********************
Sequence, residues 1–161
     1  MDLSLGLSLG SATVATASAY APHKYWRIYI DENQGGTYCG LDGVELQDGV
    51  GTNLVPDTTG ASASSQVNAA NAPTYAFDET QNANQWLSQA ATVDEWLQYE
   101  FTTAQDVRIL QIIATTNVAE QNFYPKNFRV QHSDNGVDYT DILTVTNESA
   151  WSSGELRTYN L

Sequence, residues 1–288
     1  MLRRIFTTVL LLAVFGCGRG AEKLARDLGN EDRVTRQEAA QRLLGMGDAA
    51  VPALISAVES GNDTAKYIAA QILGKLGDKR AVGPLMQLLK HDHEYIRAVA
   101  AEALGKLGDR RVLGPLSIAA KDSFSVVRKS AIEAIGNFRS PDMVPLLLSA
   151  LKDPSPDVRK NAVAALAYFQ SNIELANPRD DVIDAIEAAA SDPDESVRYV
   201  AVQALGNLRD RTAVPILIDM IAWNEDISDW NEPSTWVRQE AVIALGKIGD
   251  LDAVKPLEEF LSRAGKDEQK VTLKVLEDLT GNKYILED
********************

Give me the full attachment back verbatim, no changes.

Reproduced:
Sequence, residues 1–161
     1  MDLSLGLSLG SATVATASAY APHKYWRIYI DENQGGTYCG LDGVELQDGV
    51  GTNLVPDTTG ASASSQVNAA NAPTYAFDET QNANQWLSQA ATVDEWLQYE
   101  FTTAQDVRIL QIIATTNVAE QNFYPKNFRV QHSDNGVDYT DILTVTNESA
   151  WSSGELRTYN L

Sequence, residues 1–288
     1  MLRRIFTTVL LLAVFGCGRG AEKLARDLGN EDRVTRQEAA QRLLGMGDAA
    51  VPALISAVES GNDTAKYIAA QILGKLGDKR AVGPLMQLLK HDHEYIRAVA
   101  AEALGKLGDR RVLGPLSIAA KDSFSVVRKS AIEAIGNFRS PDMVPLLLSA
   151  LKDPSPDVRK NAVAALAYFQ SNIELANPRD DVIDAIEAAA SDPDESVRYV
   201  AVQALGNLRD RTAVPILIDM IAWNEDISDW NEPSTWVRQE AVIALGKIGD
   251  LDAVKPLEEF LSRAGKDEQK VTLKVLEDLT GNKYILED